Susan’s Review: Special Angel by Nancy Loyan

Posted: May 26, 2014 in Reviews
Tags: , , ,

It wasn’t that long ago that I was all excited about Nancy Loyan’s Special Angel. And then I went and got all excited again when Ms. Loyan was kind enough to send me an ARC copy to review.

I sat down with the highest expectations … and was crushed when they weren’t met.

Here’s the thing: the plot’s really cool. We have a woman who is discovered as a young child. She’s a Jackie Evancho, except she’s an orphan, found in the woods in the French countryside and raised by nuns who think she is an angel, a gift from God. With a voice like hers, perhaps she is. During a public appearance, she is spied by a couple of scheisters who decide to adopt Angelique and exploit the holy hell out of her.

Right here, I began to have issues with the plot. Why didn’t the nuns vet this couple at all, let alone more carefully? Was Angelique up for adoption even before the Davidsons asked for her? How were they circulating the word about their angel, if so? Are these public concerts less of a sharing of Angelique’s precious gift than a way of marketing her to the best adoptive parents?

But none of this happens. In a scene famous throughout fiction, Angelique is called into the office and told she’s going to be the child of these total strangers no one has met before. And, of course, the family turns out to be abusive.

This was the part of the book I was most looking forward to. From the book’s description, these were going to be the best villains this side of famous Broadway shows. And… we were told more than we were shown. Told about isolation, about tranquilizers (and why didn’t Angelique ever go through withdrawal or become addicted?), about abuse. But Angelique never shows any behavior consistent with an abused child. She doesn’t fight back, she doesn’t go submissive… nothing. Not even Stockholm Syndrome. Yet we’re told she’s aware she’s being abused. Why does she take it so meekly? It’s never explained to satisfaction. And so, it doesn’t ring true.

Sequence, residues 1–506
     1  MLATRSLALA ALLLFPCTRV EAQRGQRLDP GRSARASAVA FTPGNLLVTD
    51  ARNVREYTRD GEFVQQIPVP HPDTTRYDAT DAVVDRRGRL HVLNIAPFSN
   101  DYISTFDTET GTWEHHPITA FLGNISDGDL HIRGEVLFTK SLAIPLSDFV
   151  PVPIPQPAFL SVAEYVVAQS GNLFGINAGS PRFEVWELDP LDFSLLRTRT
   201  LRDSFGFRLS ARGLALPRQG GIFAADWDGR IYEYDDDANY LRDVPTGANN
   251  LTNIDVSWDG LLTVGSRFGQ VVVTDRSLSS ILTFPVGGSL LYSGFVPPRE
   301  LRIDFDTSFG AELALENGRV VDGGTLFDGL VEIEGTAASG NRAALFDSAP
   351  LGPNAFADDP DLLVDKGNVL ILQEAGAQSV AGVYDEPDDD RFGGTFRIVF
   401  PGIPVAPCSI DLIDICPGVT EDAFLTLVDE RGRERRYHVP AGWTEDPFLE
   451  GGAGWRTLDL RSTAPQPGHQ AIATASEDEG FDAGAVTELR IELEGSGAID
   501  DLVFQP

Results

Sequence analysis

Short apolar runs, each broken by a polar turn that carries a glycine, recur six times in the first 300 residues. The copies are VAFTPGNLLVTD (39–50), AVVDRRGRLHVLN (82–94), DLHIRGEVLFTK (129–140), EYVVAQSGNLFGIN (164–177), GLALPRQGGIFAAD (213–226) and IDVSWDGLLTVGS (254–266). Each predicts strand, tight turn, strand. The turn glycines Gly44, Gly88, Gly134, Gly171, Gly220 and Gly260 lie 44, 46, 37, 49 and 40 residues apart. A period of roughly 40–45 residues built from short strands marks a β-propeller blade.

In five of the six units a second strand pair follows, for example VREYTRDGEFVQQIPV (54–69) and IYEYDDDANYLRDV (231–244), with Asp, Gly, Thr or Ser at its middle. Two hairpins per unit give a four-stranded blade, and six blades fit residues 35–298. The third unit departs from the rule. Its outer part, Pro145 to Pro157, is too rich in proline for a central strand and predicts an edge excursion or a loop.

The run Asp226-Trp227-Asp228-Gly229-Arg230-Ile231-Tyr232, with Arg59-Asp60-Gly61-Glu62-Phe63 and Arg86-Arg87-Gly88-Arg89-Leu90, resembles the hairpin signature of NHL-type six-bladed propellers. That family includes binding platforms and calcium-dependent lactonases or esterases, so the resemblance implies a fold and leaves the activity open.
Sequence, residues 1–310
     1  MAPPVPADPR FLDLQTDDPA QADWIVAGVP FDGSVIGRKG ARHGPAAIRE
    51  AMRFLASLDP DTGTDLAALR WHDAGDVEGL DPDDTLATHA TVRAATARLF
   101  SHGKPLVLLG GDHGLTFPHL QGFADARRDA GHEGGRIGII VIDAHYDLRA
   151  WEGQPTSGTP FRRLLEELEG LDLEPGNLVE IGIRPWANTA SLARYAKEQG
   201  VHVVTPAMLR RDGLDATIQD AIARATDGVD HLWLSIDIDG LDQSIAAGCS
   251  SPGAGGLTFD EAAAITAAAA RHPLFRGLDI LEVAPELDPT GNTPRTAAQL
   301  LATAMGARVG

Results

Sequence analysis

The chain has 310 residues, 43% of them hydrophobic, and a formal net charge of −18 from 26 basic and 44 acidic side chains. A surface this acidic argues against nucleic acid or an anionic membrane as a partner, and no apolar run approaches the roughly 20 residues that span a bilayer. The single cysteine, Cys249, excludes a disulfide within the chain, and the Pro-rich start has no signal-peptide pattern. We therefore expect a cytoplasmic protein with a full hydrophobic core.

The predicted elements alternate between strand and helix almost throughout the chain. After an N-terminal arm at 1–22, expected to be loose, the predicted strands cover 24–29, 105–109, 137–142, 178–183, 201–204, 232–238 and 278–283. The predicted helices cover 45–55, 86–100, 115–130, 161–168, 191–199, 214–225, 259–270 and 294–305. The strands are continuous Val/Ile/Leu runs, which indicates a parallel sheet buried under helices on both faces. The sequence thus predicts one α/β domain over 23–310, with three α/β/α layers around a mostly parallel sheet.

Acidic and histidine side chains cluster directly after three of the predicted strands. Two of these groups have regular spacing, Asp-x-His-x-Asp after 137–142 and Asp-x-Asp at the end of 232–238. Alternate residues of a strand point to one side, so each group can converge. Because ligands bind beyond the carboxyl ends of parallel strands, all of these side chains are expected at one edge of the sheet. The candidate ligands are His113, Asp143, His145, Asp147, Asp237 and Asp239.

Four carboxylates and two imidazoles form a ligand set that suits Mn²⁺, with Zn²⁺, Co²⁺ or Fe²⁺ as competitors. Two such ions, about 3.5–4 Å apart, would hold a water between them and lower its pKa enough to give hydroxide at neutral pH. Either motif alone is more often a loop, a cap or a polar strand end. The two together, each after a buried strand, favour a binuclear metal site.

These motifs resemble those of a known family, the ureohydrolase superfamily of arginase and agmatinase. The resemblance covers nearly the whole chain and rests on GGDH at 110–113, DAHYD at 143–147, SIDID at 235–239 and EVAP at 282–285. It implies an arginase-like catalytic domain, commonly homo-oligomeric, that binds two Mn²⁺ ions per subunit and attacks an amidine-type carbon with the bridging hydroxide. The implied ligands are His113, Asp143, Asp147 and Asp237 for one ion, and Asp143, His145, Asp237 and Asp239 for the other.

After she turns 18, the point at which she’d be a legal adult and free of the servitude the Davidsons hold her in, she’s not. We’re told repeatedly that she’s still their ward. Again, makes no sense that I can see, and I began to be a bit angry. Details were dragging down a good concept.

Except it was more than details. Go back a few paragraphs, where I say we are told more than shown. This is an ongoing problem through the book, and what a shame. Loyan has great characters in Angelique and Brian. I genuinely wanted to know them, wanted to see them, wanted to understand. I wanted them to live and breathe.

But even Brian’s complicity in Angelique’s escape has holes in it. As does the eventual fallout – how am I supposed to buy that she lives for three months in a lighthouse with no food, water, or toilet facilities? And, again, there’s no after effects, no negative repercussions.

It’s a shame. Good plot. Intriguing characters. The potential was there.

And I am one sad reader.

One last note: I know this was an ARC copy, which means Advance – which means the book will go through one final proofread before it is published. But holy smoke, the typos. Problems with she and he. Peek and Peak. These are basic mistakes, and when I take a step back and look at the project as a whole, I think that Ms. Loyan was let down by her publisher. A good editor would have pulled more of the story out of the book. And caught the typos. A better editor would have helped this realize its potential. And a great editor would have turned this into the home run it deserved to be.

I feel like a heel for not liking a book provided by the author. But I’d feel like a bigger heel if I sold out, raved about it, and damaged an awful lot of credibility for everyone involved.

In an ideal world, Ms. Loyan would get the rights to her book returned to her and she’d find a better support team. I’m telling you, the bones of this one are there. They really are.

Leave a Reply

Fill in your details below or click an icon to log in: Logo

You are commenting using your account. Log Out /  Change )

Google photo

You are commenting using your Google account. Log Out /  Change )

Twitter picture

You are commenting using your Twitter account. Log Out /  Change )

Facebook photo

You are commenting using your Facebook account. Log Out /  Change )

Connecting to %s